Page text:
. . .There, ahead in the road, was my answer: The Grand Canyon. I hopped onto a donkey and spurred it onward and down into the rocky ravine. Squeak, bump, squeak, bump went the old steam engine as it careened off of the rocky ledges and plummeted down toward the waters below. I was on a collision course with a small fishing boat full of small fishing men.
. . .Ker-a-a-a-a-sh-sha-sha-na-na! we went into the unsuspecting boat. I landed safely on my feet, having performed a triple somersault and a four-point landing. Some days I’m glad that I’m an Olympic gymnast.
. . . But now the Ace Bandit had gotten away.

. . . I cocked my eyebrow, and prepared to make a witty remark. I couldn’t think of any, so I cocked my other eyebrow as well. I began to swim to shore, all while bullets rained down around me. Funny, the weatherman hadn’t called for that. I swam up onto the beach, and kept swimming, deep into the vast and steamy jungle.
. . . Completely naked, I pulled out my machete and began to make my way through the dense undergrowth. Ahead, I could make out the fabled ruins of an ancient civilization. I cocked my safari hat, and pressed on. The arid, searing air of the northern tundra beat at my back as I pressed on against the wind. In the still night, I heard a ghastly howl echo through the trees that chilled me to the bone. I decided that I shouldn’t make that noise anymore.
. . . “How far do we have to go?” I asked my tour guide.
. . . “Eet eez, ‘ow you zay, a shaut deestawnce, haw haw haw,” he said, his deep Russian accent making it hard to understand his words. Or it could be the marmoset he was actively trying to cram whole into his mouth. That too.
. . . For week after week, we trekked through the hills and valleys and cities and frigid wastelands in search of civilization. I checked our rations. We were down to a mere three gallons of bouillabaisse. Things were looking desperate. And then things looked up for a while, and then looked desperate again.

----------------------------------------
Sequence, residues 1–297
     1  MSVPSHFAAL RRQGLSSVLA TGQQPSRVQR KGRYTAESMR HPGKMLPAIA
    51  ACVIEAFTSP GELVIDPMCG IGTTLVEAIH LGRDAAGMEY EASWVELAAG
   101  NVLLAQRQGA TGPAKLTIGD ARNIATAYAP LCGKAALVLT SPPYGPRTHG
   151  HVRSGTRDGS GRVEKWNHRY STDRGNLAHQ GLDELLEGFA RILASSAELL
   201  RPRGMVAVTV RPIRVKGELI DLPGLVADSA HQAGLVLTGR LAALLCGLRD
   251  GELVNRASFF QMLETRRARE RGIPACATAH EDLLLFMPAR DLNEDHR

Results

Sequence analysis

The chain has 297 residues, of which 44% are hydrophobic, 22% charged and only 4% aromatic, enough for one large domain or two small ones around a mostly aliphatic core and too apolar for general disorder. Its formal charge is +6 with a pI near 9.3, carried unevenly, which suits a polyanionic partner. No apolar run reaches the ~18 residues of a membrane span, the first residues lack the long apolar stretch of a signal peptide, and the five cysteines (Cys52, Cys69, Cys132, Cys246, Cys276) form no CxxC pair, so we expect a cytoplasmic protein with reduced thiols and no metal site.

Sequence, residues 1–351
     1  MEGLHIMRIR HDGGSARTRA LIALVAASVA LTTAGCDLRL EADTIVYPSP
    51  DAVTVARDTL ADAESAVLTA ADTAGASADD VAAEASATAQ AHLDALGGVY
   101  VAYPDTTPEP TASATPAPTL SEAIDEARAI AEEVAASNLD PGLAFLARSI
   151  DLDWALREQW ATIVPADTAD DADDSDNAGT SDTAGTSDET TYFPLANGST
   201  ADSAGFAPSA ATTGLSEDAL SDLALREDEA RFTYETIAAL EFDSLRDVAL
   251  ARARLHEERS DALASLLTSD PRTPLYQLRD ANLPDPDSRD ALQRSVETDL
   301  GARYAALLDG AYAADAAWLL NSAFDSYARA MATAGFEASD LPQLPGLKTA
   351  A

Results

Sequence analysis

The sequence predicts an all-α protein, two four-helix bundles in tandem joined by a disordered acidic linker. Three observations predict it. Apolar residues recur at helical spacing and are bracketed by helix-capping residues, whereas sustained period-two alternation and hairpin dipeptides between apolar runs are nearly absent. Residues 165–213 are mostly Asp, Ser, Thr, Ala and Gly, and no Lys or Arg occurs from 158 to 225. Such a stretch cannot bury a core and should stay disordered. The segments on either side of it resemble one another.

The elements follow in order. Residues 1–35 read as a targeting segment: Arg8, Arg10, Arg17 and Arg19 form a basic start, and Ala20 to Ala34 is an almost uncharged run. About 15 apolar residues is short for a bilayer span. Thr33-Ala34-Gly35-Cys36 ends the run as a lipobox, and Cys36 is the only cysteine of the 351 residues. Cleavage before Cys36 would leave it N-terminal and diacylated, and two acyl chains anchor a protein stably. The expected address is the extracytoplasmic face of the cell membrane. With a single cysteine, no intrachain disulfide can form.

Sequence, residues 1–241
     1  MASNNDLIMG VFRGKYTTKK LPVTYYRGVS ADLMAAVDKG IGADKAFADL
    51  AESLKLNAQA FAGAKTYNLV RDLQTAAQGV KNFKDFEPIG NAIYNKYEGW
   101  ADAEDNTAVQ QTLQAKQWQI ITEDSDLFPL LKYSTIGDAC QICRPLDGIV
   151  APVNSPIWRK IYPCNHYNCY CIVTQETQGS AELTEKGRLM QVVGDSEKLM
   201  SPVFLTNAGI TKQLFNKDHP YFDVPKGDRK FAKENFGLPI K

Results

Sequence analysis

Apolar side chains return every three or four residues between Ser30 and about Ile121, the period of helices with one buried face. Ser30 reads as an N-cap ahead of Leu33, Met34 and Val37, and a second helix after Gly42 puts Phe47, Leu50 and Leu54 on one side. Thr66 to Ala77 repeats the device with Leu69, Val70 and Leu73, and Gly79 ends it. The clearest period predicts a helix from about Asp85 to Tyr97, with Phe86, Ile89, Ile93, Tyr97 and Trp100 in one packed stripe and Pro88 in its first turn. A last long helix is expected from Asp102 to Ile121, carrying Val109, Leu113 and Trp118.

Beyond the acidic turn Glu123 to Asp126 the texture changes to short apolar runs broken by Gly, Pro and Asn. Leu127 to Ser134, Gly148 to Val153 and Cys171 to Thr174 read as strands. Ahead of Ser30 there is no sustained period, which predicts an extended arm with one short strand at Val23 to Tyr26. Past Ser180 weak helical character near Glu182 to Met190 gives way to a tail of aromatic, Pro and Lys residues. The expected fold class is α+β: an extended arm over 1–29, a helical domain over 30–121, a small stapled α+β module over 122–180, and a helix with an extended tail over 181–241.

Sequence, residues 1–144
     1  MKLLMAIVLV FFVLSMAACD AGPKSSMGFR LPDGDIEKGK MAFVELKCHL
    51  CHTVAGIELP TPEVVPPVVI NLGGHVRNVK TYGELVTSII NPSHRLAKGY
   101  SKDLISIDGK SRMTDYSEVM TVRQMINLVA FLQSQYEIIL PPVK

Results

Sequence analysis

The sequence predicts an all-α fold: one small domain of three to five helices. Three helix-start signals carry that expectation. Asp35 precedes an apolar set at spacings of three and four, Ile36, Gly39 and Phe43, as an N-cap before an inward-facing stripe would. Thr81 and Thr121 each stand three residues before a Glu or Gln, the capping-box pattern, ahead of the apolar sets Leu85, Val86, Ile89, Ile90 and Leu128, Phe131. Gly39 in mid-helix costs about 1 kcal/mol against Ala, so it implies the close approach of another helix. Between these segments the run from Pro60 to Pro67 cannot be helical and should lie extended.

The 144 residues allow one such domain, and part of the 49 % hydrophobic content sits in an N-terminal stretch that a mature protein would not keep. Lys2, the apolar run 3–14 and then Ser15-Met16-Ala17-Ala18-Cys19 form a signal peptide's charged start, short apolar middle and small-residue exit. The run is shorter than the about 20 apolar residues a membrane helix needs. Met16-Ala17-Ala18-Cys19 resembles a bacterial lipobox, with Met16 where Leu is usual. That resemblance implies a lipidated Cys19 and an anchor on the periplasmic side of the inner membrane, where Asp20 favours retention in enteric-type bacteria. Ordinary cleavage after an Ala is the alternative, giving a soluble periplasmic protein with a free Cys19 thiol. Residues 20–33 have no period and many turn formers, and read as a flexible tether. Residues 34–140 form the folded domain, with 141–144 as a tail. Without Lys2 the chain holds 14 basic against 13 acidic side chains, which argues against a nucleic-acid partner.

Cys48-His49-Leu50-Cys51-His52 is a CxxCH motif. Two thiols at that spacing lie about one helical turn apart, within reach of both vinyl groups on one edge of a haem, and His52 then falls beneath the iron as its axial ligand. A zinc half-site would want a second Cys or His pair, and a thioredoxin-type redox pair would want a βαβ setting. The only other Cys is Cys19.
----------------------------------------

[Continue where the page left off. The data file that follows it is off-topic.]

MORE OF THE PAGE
. . . Collapsing and gasping for breath, I skipped merrily over the last sand dune, my eyes filled with the wondrous sight of a helicopter, waiting to rescue us.
. . . We paddled our way over to it, and detached the dangling line from the rescue diver. Giving the line a good yank, we were carried aloft into the sky.
. . . Over fields of wheat, and watermelons, and coconuts we flew, grasping tightly to the pterosaur’s legs. "GRKHLONNGGGGHKGFLFGLGLUMMMPH!!!!" Joffrey whispered seductively to it.
. . . I landed the hang-glider deftly on the rooftop of my office. Scrambling over the edge of the roof, I jumped toward the street below, but first made a detour through my window.
. . . Quickly, I shuffled through the papers on my desk. At last, I found the evidence I had been searching for. Suddenly, I burst through the door.
. . . “I knew you’d come back here sooner or later.”
. . . “I have to,” I said. “I kinda work here.”
. . . “I have the evidence right here that I need to put you away for a long, long time,” I said, holding up nothing in particular.
. . . “If I’m going down, you’re going down with me!” I shouted as I lunged across the room. I was too fast for me, but not fast enough. I grabbed my leg and yanked it out from under me, hitting my head on the ceiling.
. . . I crawled on top of myself and pinned me down, the hate seething in my eyes. “NEVER!” I shouted, the primal and dulcet tones of my voice sounding through.
. . . The cops burst through the wall then. The jig was up. I had nowhere to go, so I pulled my gun from my shoe and pointed it at the advancing policemen. “You’ll never take me!” I shouted, the froth from my mouth making a puddle on the floor.
. . . Behind me, I silently slid open the bottom drawer of my desk and pulled out the gun I kept hidden there. I cocked it, and I jumped and spun with a deft pirouette, the gun in my hand pointing to me.
. . . Fortunately, I got off the first shot.




. . . We lay on the beach, the cool wind blowing through our hair at 165 miles per hour. I sipped a virgin martini with extra vodka, and sighed. Overhead, the suns were shining lazily through the hazy stratosphere as the waves crashed onto the beach and seagulls circled ominously overhead.
. . . I couldn’t help but think back over the last few days at all that had happened. I had lost, then met the girl of my dreams. Or the car, or perhaps the home of my dreams. Regardless, it was awesome that I had it, whatever it was.
. . . “It’s been perfect,” I said, looking in the direction of the recliner next to mine.
. . . “The perfect crime,” I agreed, looking back at myself. We shared a chuckle that echoed throughout the room as lithe Inuit women brought us drink after drink. We didn’t really want them to, but we didn’t know how to say “Stop bringing us drinks” in Spanish.
. . . I finished my hearty laugh. “The perfect crime,” I said.

Zom B
2010-01-17, 06:31 PM
I see that almost 50 views have been made of this, but anyone read it through?

Hate to bump this like this, but curious to know how well a story like this went over with the playgrounders.